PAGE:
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Is a sports therapist the same as a physical therapist?

When it comes to health professionals and doctors who can help with sports and athletic injuries, it can be tough to know who the right person to go see is.

A common term many people search for is "Sports Therapist" - but what is a sports therapist and how are they different from physical therapists?


What is a sports therapist?

There currently isn't one career path or educational standard for this term. It's sort of...self-proclaimed. Many athletic trainers or licensed massage therapists may refer to themselves as sports therapists if they have a personal proclivity toward treating athletic people or have taken continuing education in sports. There is a European position entitled "sports therapist", but this is not common in the United States.


Athletic trainers (AT) have a broad scope of practice, but generally athletic trainers:

- Are trained to respond to and screen injuries right as they happen (perhaps emergency medical on a sports field) and advise coaching and staff on best next steps.

- Get an undergraduate athletic training degree and may or may not get a master's degree

- Under the guidance of a physician, they may help athletes heal from injury through hands-on work, stretching, and exercise.


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Licensed massage therapists (LMT) have one primary tool (massage) but can specialize in other skills:

- LMTs can specialize in sports massage and tools that aid in athletic recovery such as cupping

- Some LMTs get personal training certifications that allow them to guide exercise plans

- It is not in an LMT's scope of practice to evaluate an injury and create a treatment plan

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What does a Sports PHYSICAL Therapist do?

A sports physical therapist is able to evaluate, diagnose, and treat athletic injuries. They are highly equipped sports medicine professionals who can manage the care of athletes.


Treatments sports physical therapists might use include:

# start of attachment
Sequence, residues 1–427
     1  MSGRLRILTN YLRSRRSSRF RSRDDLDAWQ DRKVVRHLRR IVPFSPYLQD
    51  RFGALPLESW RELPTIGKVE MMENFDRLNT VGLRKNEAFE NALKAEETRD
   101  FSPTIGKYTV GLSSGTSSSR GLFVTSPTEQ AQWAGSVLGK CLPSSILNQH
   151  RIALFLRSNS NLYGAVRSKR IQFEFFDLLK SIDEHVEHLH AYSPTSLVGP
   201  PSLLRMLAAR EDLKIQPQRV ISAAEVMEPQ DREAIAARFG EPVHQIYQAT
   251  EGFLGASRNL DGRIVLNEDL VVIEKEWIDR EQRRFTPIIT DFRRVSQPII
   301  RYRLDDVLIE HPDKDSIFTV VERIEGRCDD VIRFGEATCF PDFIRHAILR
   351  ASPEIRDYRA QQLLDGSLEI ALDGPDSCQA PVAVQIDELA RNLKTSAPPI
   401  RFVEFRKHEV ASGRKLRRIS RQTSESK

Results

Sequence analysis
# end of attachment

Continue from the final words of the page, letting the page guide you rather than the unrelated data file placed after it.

- Hand-on tissue work and manual techniques

- Corrective exercise, strengthening, and stability work

- Stretching as needed to optimize range of motion

- Dry needling, taping, cupping, and other therapeutic treatments

- Sports performance training to improve performance and prevent injury.


Many PTs specialize in certain sports-related injuries such as ACL tears, little leaguer's elbow, or tommy john surgery recovery.


Sports PTs aren't only for people who have had surgery. Many athletes go to PT as an alternative option to surgery, or as a means to prevent surgery.


Sports PTs work with people like:

- Overhead athletes with shoulder pain while throwing or lifting weights overhead

- Athletes who injured their low back while weightlifting or strength training

- Have knee or calf pain while running

- Had a new pain arise while playing or training for a sport

- Have any sort of ache or pain while trying to do something active - not just athletes on a field, but also moms and dads and grandparents trying to stay fit in the gym.



Do I need to go to a doctor to get a referral for sports physical therapy?

In most states, you do NOT need to see an MD before going to a sports physical therapist. You can simply call your local PT office and make an appointment.

Most licensed sports physical therapists are Doctors of Physical Therapy (DPT). This requires 3 years of graduate training after getting an undergraduate degree. Many DPTs will get sport-specific training as well.



If you are looking for someone to manage an ache, pain, or sports-related injury, there are many great options in several different settings that can vary from in your home, at universities, physical t


herapy clinics, and more.


For more info on the sports physical therapists in Nashville, Brentwood, and Franklin, TN at Be Ready Performance Therapy, click here.






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